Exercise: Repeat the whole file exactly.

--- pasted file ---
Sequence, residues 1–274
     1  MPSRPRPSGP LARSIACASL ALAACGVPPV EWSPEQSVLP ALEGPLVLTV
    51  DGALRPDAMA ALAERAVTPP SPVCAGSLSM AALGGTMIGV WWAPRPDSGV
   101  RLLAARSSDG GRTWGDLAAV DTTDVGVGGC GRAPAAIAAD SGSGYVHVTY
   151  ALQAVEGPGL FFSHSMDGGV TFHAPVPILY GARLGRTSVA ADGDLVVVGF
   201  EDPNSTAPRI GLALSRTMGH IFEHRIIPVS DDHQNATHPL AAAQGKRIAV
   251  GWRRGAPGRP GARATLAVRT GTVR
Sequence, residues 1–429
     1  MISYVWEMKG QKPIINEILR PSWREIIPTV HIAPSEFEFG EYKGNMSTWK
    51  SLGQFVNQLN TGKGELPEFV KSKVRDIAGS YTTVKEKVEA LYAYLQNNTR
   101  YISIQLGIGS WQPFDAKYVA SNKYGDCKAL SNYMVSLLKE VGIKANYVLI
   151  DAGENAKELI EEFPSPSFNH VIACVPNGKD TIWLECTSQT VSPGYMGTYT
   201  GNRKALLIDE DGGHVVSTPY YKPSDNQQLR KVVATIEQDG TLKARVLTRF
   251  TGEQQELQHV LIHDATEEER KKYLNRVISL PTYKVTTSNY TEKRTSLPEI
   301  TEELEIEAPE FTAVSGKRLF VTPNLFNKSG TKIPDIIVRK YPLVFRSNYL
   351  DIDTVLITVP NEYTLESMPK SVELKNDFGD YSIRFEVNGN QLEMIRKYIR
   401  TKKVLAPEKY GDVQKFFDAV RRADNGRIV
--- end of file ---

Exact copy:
Sequence, residues 1–274
     1  MPSRPRPSGP LARSIACASL ALAACGVPPV EWSPEQSVLP ALEGPLVLTV
    51  DGALRPDAMA ALAERAVTPP SPVCAGSLSM AALGGTMIGV WWAPRPDSGV
   101  RLLAARSSDG GRTWGDLAAV DTTDVGVGGC GRAPAAIAAD SGSGYVHVTY
   151  ALQAVEGPGL FFSHSMDGGV TFHAPVPILY GARLGRTSVA ADGDLVVVGF
   201  EDPNSTAPRI GLALSRTMGH IFEHRIIPVS DDHQNATHPL AAAQGKRIAV
   251  GWRRGAPGRP GARATLAVRT GTVR
Sequence, residues 1–429
     1  MISYVWEMKG QKPIINEILR PSWREIIPTV HIAPSEFEFG EYKGNMSTWK
    51  SLGQFVNQLN TGKGELPEFV KSKVRDIAGS YTTVKEKVEA LYAYLQNNTR
   101  YISIQLGIGS WQPFDAKYVA SNKYGDCKAL SNYMVSLLKE VGIKANYVLI
   151  DAGENAKELI EEFPSPSFNH VIACVPNGKD TIWLECTSQT VSPGYMGTYT
   201  GNRKALLIDE DGGHVVSTPY YKPSDNQQLR KVVATIEQDG TLKARVLTRF
   251  TGEQQELQHV LIHDATEEER KKYLNRVISL PTYKVTTSNY TEKRTSLPEI
   301  TEELEIEAPE FTAVSGKRLF VTPNLFNKSG TKIPDIIVRK YPLVFRSNYL
   351  DIDTVLITVP NEYTLESMPK SVELKNDFGD YSIRFEVNGN QLEMIRKYIR
   401  TKKVLAPEKY GDVQKFFDAV RRADNGRIV